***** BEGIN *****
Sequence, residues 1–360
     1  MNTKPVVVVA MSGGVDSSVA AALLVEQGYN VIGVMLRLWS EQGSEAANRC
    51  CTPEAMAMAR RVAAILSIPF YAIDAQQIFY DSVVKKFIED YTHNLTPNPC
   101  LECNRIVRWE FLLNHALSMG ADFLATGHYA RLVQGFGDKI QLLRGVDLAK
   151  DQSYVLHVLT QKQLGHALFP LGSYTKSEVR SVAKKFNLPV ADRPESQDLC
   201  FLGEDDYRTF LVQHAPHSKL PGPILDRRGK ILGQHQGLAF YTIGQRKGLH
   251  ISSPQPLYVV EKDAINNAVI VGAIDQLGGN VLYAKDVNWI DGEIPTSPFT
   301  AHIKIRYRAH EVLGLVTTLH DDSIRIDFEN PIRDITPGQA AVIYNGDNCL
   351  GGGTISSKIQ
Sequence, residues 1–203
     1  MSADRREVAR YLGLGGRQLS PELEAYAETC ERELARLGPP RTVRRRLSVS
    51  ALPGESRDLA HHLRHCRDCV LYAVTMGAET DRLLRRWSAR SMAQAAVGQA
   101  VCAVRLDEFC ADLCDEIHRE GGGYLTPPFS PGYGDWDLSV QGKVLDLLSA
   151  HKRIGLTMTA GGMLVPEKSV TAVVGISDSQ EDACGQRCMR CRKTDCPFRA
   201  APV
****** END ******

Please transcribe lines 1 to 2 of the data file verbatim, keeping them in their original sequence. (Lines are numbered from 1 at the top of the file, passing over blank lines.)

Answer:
Sequence, residues 1–360
     1  MNTKPVVVVA MSGGVDSSVA AALLVEQGYN VIGVMLRLWS EQGSEAANRC